be similar," says Giallorenzo. "It'll be built around our different
series. And we'll have other people book and curate shows to expand
the network of artists and people that come through."
As it sinks under its load of debt, the Bay Area pop-punk institution
Lookout Records is making waves that've reached Chicago -- locals the
Reputation, led by former Sarge front woman Elizabeth Elmore, are the
latest Lookout band to abandon ship. The label has been failing to
connect many of its artists with their royalties, and in July its
back-catalog cash cow, Green Day, responded to a long stretch of
nonpayment by reclaiming ownership of four early releases that it'd
allowed Lookout to continue selling after the band's move to Warner
Brothers. Other groups, including Avail, Screeching Weasel, and the
Riverdales, had already pulled their old records, but Green Day's
decision was Lookout's death knell.
In August the label announced it would no longer sign artists or
release new albums. Its six employees were let go, leaving only the
three owners -- including president Chris Appelgren, formerly of the
Peechees and the Pattern -- to mind the store. Lookout's active bands
have been defecting right and left: last month Ted Leo left for Touch
and Go and Mary Timony signed to Kill Rock Stars. Rising local stars
Troubled Hubble debuted on Lookout in May 2005 with Making Beds in a
Burning House, then broke up four months later after struggling with
personnel problems -- something a bit of label support might've
motivated them to iron out. The Twin Cities band Hockey Night is still
with Lookout, but that arrangement looks to be short-lived.
Though the Reputation is among the defectors, they're not yet sure if
Lookout still owes them anything, and Elmore doesn't bear the label
any ill will. "I believe Lookout is working hard to get back on top of
things, just in terms of getting the accounting straight with us," she
says. "They haven't managed to get there yet. But I do believe they're
trying." The Reputation released To Force a Fate on Lookout in 2004
and now has nearly enough material for a new record. "There are two
labels we're talking to, and both are labels we'd be really excited to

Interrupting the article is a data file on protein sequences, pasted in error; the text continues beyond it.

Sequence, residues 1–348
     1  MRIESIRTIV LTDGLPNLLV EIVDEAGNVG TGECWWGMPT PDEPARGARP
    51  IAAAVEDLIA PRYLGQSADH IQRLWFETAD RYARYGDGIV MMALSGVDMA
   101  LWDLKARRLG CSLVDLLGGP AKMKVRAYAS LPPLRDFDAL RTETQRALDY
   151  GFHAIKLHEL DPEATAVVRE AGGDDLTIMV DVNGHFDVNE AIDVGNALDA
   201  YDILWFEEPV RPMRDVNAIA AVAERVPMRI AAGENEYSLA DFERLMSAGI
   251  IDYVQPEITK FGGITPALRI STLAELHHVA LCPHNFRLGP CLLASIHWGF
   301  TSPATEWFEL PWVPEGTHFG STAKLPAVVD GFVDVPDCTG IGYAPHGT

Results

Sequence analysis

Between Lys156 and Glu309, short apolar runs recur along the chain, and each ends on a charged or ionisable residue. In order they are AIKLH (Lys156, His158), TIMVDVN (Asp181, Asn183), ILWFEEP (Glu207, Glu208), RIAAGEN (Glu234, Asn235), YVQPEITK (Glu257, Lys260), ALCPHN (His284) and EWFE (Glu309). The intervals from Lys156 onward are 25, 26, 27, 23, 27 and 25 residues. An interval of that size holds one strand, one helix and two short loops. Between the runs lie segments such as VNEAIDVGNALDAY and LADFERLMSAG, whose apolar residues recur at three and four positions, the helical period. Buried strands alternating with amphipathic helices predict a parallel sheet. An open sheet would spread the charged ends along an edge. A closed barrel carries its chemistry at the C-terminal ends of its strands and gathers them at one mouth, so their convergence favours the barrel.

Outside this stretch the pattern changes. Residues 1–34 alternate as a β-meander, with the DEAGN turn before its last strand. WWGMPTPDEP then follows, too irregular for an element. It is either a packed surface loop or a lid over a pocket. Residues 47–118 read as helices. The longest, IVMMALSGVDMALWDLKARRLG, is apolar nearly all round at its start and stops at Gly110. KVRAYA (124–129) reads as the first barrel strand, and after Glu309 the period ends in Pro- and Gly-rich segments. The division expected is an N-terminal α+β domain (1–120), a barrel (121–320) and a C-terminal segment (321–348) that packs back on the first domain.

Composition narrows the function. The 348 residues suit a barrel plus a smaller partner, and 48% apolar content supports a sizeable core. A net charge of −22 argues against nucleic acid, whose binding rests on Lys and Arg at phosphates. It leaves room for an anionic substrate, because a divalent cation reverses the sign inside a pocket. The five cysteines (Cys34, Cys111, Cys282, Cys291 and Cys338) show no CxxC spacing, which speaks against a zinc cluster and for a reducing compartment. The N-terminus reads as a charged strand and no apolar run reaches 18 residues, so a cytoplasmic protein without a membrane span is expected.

be on," Elmore says.
Friday at Schubas the Reputation kicks off a two-month coast-to-coast
tour, which includes a stop at South by Southwest to play a Lookout
label showcase. ("We'd agreed to do it a long time ago," explains
Elmore.) Their sets will preview a half dozen songs slated for the
forthcoming disc, which the band hopes to release by the end of the
The Reputation, Holy Roman Empire, Cardinal Sin
When Fri 3/3, 10 PM
Where Schubas, 3159 N. Southport
Price $8 in advance, $10 at the door
Where's the Bottom Lounge?
The old Lakeview digs of the Bottom Lounge, which closed in October to
make way for the CTA's Brown Line expansion, have already been
demolished, but the club isn't ready yet to announce its new location.
It was scheduled to reopen in the West Town warehouse district this
winter, but those plans have been delayed. "I've been bombarded with
people asking me about what's going on," says co-owner Dan Miskowicz,
laughing. "Judging by the number of times people have come up to me,
you woulda thought the Bottom Lounge was Woodstock."
Miskowicz says the delay isn't due to any conflict with the city -- he
just didn't anticipate how hard it would be to bring a new space up to
code. "It's a lot different to start up a rock club in the 21st
century. Laws that we were grandfathered in on at the old place we now
have to get into compliance with," he says. Right now he's only
willing to say that the new Bottom Lounge will open sometime in 2006
-- and that he's hoping for a summer launch.